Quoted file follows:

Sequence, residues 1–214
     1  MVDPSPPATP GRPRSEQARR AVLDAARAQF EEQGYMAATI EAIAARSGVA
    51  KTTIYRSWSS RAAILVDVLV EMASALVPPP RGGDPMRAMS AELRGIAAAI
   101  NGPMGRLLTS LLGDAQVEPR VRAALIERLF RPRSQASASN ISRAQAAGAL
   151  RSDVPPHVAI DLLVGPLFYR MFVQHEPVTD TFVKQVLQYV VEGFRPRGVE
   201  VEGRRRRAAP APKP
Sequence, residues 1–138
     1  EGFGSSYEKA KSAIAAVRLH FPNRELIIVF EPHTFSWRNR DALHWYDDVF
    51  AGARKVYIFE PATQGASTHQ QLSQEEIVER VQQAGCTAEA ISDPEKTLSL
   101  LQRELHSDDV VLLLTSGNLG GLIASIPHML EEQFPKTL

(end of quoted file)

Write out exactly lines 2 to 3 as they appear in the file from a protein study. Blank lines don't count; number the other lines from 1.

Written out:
     1  MVDPSPPATP GRPRSEQARR AVLDAARAQF EEQGYMAATI EAIAARSGVA
    51  KTTIYRSWSS RAAILVDVLV EMASALVPPP RGGDPMRAMS AELRGIAAAI